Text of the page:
Where beauty is truth
As I neared the house of danseuse and actor Vyjayanthi Kashi and her actor-husband Vijay Kashi, I wondered if I had reached a resort. Their home, built in a picturesque locale, away from the maddening clutches of Bangalore’s buzz and traffic, is a visual treat. The sound of birds chirping atop trees and plants inside this space, carved stone pillars which adorn various places inside the gate, give the Kashis’ home in Kengeri satellite town a temple-like ambience. Carved stone images of deities, small and big tanks with hase paintings welcome the visitor to ‘Mahanadi’.
Their home, which consists of a ground and a first floor, is built on a 55X40 site on a plot area of 30 guntas. The home speaks the language of elegance. Clay bricks have been used for construction in order to keep the house cool while Mangalore tiles give it an old-world charm. A combination of Sadarhalli stones, red and green oxide have been used throughout the structure. The house and the dance school have a ground and first floor each and natural stone slabs have been used for the stairs. On the road leading to the house and Vyjayanthi’s dance school, which adjoins the house, square stone slabs are placed, with a short layer of grass around it. A coconut shell that most of us might throw away without bothering to give a second thought is painted and hung to a tree.
Similarly, a broken, old coconut scraper is decorated with an antique piece of dance jewellery and a small piece of wood and placed near the door of the dance school. In front of the house stands a majestic stambha or a pillar. Simply put, art is churned out of nearly everything here. Whatever is mostly seen in a museum finds a place here.
On why she chose to build their home in the outskirts, Vyjayanthi journeys back in time and explains, “I am a Bangalorean who saw this City as a beautiful place with lots of greenery in my growing-up years. It was then less crowded and calmer. My husband’s native place is near Sagara and he also preferred to stay in a quiet and serene place. We were tired of the noise and pollution. Moreover, landlords of homes where I used to reside lacked aesthetic sense and could never appreciate an art form like dance. They considered our dance rehearsals a nuisance and disturbance. Owing to this I had to shift my home eight times. I began to feel frustrated and decided to stop teaching dance until I had a space of my own. It was then that I decided to build my home and dance school here and conceptualised it. We have been residing here since three years and feel at peace with the ambience,” says Vyjayanthi. The atmosphere of the place contributes to dance and vice versa, she adds.
Aesthetic and antique
Every nook and corner is decorated with curios that add to the elegance of the structure. A Nataraja statue with a brass lamp hanging in front of it, a stone bowl with an image of lord Krishna that is filled with water, another clay vessel filled with water and an image of a god, provide a majestic appearance. Deities have been engraved on doors and clay toranas and thin sheets of brass decorate them. A bunch of paddy straws are hung in front of the puja room and it does not have a roof covering it. It is visible from the floor above. Stone slabs are used on the steps in the dance school and inside the house.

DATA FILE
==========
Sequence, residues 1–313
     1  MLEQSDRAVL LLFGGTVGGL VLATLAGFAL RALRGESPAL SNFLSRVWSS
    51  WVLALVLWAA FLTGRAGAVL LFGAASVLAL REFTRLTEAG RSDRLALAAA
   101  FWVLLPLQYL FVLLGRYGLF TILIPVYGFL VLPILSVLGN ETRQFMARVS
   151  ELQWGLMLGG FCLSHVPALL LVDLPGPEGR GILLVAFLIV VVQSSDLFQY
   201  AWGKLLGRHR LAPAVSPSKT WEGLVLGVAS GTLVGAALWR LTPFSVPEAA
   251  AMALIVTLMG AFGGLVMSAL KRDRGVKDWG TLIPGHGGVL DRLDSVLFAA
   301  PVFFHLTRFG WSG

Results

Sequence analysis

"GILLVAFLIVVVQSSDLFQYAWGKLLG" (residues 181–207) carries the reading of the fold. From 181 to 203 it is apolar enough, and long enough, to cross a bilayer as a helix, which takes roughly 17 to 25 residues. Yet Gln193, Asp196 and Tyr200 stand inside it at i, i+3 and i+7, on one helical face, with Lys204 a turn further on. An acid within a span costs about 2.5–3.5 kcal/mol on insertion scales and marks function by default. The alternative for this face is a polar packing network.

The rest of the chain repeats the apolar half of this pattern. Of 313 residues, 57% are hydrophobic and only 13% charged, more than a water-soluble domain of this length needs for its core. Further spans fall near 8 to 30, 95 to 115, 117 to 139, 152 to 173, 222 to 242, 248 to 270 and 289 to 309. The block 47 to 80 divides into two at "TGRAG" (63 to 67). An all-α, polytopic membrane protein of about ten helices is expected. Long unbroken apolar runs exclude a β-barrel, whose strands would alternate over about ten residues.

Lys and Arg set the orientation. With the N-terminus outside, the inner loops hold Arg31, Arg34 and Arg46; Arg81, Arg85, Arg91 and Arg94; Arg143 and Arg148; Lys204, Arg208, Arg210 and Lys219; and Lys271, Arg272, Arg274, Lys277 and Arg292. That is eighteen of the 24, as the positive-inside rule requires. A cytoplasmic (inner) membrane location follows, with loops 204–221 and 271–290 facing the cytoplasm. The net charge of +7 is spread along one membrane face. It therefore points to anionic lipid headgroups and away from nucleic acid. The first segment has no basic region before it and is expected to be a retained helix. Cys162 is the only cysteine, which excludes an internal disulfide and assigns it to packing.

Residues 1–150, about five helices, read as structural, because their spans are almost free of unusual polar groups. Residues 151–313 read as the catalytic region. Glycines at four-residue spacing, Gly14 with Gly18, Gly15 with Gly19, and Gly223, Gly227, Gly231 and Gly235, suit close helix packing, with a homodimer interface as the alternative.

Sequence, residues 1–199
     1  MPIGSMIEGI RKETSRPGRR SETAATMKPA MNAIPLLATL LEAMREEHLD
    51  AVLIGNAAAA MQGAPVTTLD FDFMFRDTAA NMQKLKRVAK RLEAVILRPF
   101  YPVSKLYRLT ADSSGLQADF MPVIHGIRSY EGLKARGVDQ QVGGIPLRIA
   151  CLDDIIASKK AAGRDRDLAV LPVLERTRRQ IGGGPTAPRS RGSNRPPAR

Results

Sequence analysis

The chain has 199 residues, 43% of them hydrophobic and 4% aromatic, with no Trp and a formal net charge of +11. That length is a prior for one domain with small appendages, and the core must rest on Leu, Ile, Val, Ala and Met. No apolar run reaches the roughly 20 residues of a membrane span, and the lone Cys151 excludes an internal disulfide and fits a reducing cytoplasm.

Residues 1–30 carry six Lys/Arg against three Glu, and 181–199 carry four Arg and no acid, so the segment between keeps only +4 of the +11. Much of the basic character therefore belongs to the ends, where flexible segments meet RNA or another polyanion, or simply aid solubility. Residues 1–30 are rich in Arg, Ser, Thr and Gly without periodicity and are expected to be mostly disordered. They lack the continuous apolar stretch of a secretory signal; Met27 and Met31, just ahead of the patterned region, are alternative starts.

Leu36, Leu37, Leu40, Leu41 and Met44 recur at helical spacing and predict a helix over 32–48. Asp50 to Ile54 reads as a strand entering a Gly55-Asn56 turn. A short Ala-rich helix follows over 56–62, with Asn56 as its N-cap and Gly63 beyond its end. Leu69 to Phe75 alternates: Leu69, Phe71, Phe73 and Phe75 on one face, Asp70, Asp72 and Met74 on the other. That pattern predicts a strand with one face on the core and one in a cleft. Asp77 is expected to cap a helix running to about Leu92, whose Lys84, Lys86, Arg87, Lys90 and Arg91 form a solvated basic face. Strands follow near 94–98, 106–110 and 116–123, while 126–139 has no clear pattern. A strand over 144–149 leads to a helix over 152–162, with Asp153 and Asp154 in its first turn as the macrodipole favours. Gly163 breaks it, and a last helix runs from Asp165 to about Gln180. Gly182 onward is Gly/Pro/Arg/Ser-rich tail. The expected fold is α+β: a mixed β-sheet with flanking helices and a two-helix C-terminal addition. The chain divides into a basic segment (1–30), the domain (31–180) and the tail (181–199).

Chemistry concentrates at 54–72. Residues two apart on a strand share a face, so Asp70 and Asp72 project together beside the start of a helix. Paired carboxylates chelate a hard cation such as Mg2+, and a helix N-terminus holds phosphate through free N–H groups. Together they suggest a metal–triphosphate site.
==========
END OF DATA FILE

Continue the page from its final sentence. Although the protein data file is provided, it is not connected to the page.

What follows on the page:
“I always look out for little things and curios that are elegant and buy them without thinking about what to do with them. Wherever I travel, I pick up such things. Many people consider me crazy for spending a great amount of money on such things. But I have always been fond of antiques since a young girl,” she says.
In the first part of this space is the dance theatre and in the second part lies the house. On the first floor of the dance school, Vyjayanthi has made space for a guest house that is meant to accommodate visiting dancers and invitees. The rooms have been painted with patterns of hase chitra, on the walls. Curios and antiques placed in every part of this house and dance school, blend perfectly with the atmosphere. Images of Brahma and Nataraja adorn the walls of this dance school. Shells of some wild fruit which most people might throw away are painted, turned into decorative objects and placed in front of the dance school. Every corner has a traditional brass lamp. Also a long swing, rarely seen in homes today, is placed in the centre.
This house presents itself as an object of art, pleasing to the eye of the beholder. It would be apt to cite a few lines from the poem, ‘Ode on a Grecian Urn,’ by a Romantic poet, John Keats, while speaking of Mahanadi. “Beauty is truth, truth beauty, that is all ye know on earth, and all ye need to know.”